Laughs, smiles, Joy, and love are acts in life that fulfill life. Zsa Zsa has spent a lifetime adding this flavor to her family. In this feature, Zsa Zsa opens up about the pain that brings trauma and tragedy to many families in our community. Zsa Zsa shares how hee solutions of adding life, imagination, creativity, and fun have centered loved ones in times of need. Today her talents and skills have her hosting events, radio programs, and much more. The 910am host of the “Yea I Said It” show opens up about her background. Check out a powerful and inspirational feature on Detroit is Different.
Grand River Ave and Joy Rd have taken on many iterations of the Black experience. Bomani has witnessed them all since the 1970s. Bomani began in connecting to a community of Black consciousness as a die-hard enthusiast. Today in a role of leadership for the Detroit Chapter of the Malcolm X Grassroots Organization he is sharing the knowledge he has gained. May 19th in honor of the Birthday of Malcolm X Detroits chapter will be hosting an event. Learn more about the passion and process of Bomani in his Detroit is Different feature.
Depending upon when and how you and when you meet Antonio Rafael, you could have an engaging exchange on many things. When connecting with Antonio, concepts from the community will be balanced with the world or vice versa. Antonio’s journey from Southwest Detroit and having working-class parents left grand impressions of ways development impacted the community. Studying at Eastern Michigan University strengthened Antonio’s global understanding of how corporations exploit people internationally. Today Antonio works in art, farming, and advocacy. This was a classic back-and-forth conversation between micro and macro concepts that is thought-provoking and enlightening. Check out the Detroit is Different feature of Antonio Rafael.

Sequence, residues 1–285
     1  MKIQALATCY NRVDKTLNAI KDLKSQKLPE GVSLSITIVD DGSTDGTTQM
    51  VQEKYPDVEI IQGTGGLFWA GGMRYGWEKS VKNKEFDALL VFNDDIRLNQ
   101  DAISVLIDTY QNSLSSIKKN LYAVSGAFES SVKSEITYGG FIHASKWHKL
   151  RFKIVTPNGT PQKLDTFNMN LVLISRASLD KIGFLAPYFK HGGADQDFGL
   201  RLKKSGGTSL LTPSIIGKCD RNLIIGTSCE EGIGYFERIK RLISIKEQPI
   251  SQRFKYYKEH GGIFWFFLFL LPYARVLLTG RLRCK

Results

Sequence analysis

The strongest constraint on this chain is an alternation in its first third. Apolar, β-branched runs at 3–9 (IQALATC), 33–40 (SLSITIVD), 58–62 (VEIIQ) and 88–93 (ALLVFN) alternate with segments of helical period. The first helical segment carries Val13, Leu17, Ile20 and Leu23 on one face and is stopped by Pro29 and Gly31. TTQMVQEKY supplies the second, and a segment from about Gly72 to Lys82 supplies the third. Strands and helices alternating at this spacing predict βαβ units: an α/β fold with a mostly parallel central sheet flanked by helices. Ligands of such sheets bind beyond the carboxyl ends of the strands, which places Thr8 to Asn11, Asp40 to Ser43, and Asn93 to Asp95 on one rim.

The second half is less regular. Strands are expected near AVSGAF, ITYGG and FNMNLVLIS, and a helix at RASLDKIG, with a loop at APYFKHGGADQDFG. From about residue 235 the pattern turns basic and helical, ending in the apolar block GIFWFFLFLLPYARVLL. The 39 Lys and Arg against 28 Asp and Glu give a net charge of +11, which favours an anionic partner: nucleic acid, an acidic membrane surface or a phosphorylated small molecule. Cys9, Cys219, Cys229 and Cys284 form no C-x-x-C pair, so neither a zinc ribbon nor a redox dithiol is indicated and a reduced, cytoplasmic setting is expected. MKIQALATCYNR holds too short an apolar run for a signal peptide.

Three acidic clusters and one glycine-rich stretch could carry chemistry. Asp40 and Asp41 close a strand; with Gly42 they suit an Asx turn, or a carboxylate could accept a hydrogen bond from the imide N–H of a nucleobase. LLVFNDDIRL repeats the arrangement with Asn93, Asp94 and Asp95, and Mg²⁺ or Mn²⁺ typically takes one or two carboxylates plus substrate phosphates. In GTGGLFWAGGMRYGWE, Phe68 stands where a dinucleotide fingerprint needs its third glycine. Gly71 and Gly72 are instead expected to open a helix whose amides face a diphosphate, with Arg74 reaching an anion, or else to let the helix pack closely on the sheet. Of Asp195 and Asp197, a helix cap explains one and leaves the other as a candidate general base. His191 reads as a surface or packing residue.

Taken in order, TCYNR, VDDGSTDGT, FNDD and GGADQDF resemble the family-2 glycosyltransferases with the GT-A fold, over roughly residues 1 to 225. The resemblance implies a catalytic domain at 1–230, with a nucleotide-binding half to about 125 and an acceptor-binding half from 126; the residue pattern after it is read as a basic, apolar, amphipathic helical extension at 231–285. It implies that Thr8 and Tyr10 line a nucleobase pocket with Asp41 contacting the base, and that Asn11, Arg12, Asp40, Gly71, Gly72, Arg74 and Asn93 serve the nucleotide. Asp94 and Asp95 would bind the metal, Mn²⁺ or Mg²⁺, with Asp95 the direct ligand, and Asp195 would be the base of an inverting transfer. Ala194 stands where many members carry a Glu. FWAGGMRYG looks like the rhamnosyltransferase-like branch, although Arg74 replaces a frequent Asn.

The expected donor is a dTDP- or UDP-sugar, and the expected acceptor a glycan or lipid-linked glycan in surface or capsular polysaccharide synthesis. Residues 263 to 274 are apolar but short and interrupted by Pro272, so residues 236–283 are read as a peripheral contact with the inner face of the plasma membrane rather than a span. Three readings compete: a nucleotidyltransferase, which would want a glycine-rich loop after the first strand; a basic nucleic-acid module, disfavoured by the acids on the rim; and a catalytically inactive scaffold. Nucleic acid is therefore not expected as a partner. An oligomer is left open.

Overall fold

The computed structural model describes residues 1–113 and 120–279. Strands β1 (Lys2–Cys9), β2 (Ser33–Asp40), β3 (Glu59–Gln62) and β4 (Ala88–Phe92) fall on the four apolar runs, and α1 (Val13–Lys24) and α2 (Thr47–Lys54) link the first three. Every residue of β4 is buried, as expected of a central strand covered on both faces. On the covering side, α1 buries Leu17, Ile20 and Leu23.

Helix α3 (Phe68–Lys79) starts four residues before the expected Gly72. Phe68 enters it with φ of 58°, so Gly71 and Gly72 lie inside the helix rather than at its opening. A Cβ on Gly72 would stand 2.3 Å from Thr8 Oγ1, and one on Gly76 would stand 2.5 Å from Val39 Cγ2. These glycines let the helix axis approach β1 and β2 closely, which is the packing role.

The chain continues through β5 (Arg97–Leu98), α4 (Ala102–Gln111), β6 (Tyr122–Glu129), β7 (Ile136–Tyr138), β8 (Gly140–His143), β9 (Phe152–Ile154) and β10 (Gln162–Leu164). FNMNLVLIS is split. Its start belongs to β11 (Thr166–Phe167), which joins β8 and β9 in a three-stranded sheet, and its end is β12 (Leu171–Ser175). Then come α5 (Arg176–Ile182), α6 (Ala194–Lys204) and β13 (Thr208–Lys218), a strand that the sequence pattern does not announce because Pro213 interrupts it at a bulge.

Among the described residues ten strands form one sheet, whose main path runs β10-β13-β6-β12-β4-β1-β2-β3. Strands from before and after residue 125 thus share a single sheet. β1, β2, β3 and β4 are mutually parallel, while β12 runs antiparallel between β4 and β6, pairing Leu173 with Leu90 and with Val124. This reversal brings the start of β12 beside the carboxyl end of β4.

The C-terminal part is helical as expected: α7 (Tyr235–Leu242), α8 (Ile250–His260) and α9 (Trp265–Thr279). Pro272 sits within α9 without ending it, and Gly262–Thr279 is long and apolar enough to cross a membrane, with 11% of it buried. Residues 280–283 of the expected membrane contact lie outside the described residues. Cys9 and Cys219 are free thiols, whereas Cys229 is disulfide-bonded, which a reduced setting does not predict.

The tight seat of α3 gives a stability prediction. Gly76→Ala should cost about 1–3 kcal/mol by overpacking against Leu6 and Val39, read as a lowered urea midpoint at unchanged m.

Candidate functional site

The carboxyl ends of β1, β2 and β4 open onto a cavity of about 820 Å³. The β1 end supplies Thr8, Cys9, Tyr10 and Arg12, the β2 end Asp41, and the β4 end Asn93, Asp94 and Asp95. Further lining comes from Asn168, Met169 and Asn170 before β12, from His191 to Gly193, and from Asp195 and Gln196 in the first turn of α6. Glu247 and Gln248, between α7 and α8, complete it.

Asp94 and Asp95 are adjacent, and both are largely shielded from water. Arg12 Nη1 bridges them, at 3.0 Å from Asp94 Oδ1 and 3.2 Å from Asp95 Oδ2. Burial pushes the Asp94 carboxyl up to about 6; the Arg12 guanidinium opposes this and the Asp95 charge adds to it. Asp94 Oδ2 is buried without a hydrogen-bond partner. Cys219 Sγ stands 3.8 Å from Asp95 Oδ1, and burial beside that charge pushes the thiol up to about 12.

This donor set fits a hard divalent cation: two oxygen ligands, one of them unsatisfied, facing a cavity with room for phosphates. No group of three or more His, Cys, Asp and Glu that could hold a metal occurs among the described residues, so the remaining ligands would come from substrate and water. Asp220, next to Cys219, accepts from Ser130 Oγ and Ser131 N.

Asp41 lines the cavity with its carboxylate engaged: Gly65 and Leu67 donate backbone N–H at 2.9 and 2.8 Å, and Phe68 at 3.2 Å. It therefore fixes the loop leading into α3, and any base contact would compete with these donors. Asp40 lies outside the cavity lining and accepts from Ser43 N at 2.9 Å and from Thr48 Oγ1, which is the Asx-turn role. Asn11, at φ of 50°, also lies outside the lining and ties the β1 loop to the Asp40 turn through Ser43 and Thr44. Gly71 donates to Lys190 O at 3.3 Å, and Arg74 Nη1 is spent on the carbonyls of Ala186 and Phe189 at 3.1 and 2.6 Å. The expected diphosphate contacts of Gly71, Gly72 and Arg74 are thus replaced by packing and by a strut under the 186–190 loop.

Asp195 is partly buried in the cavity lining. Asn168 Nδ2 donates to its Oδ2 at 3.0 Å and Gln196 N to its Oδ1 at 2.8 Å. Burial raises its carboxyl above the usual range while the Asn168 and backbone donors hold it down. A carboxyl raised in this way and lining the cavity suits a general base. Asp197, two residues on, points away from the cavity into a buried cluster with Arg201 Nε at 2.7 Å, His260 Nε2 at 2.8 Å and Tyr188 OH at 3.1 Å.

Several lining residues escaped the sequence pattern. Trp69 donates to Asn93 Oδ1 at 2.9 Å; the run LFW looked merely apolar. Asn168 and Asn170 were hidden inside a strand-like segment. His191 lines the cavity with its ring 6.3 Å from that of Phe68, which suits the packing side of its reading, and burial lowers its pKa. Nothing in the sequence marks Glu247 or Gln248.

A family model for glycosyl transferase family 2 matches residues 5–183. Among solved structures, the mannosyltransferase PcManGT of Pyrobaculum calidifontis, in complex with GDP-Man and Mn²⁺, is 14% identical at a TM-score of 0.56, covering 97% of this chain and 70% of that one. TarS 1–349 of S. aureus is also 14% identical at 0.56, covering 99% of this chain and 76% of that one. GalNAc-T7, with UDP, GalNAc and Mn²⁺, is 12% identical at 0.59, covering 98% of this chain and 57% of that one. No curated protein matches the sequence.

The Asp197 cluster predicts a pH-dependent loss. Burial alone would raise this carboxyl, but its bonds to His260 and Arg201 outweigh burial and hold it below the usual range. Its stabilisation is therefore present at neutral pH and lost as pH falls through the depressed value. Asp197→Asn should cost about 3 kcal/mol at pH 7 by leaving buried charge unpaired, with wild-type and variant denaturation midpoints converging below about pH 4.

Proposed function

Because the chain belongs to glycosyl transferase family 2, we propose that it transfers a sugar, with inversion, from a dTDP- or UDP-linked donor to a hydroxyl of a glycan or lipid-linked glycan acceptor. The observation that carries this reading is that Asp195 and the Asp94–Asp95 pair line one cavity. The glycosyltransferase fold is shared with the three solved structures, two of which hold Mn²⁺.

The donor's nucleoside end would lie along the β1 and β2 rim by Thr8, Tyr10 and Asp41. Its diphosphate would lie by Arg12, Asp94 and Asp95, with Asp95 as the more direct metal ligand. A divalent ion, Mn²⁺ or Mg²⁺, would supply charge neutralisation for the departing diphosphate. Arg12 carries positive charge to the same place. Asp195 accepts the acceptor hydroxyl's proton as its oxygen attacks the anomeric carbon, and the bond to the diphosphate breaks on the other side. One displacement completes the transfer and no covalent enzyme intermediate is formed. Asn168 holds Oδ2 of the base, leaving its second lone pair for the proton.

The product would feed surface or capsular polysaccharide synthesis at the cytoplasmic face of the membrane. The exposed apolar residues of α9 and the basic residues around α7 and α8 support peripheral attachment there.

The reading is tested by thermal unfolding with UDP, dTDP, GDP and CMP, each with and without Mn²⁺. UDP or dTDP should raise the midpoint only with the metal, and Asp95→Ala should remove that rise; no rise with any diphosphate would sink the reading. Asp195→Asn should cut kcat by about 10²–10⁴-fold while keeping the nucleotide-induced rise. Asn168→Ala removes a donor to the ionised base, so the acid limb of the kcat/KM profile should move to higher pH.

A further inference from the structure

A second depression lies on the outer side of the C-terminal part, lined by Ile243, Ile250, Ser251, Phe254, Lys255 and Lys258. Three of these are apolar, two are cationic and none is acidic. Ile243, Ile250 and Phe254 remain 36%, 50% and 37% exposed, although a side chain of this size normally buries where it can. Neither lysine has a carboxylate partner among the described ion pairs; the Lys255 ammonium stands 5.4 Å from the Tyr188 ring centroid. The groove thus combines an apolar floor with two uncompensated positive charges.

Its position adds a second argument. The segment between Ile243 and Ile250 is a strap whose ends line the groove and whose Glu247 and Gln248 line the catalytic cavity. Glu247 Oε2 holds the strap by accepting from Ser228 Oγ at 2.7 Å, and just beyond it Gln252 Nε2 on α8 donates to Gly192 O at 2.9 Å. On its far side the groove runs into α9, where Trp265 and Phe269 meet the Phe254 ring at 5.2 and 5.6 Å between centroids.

East Pole Town to many Detroit residents is Chene, over there by the old Packard Plant, or Tyree Guyton’s artistic footprint. For the families that live in the community, it is a place with rooted traditions. Jasmine Noble taught at the James and Grace Lee Boggs School and had the plan to connect the school to the community. Jasmine was in love with the Boggs approach of collective learning, leadership, and community. ComeUnity was founded in 2009 and served the Romulus community. In 2013 when Jasmine joined Boggs. She was inspired to find a school that cared about the community as she was. As she began working in the community where Boggs started, the non-profit partnered with the school. I envisioned the headquarters being in that community and as time continued, joined with others who were doing aligned work, Freedom Dreams.
Wisdom is the application of lived experience. TeShayla Coates has walked many paths in life, providing an in-depth relationship in understanding how to connect with people. Coates Communications gives clients assets to share their messaging locally and internationally. TeShayla’s path to building the business was from playing a role in retail services, paying for school out of pocket, and raising a child at a young age. Confidence and courage empowered TeShayla to bet on herself and venture on her own to start Coates Communications. Learn more about her journey and story.
Arlyssa Heard struggles with crushing debt from student loans and a high-interest car payment. The single mom was excited to get a promotion at her job, but did not want a huge raise.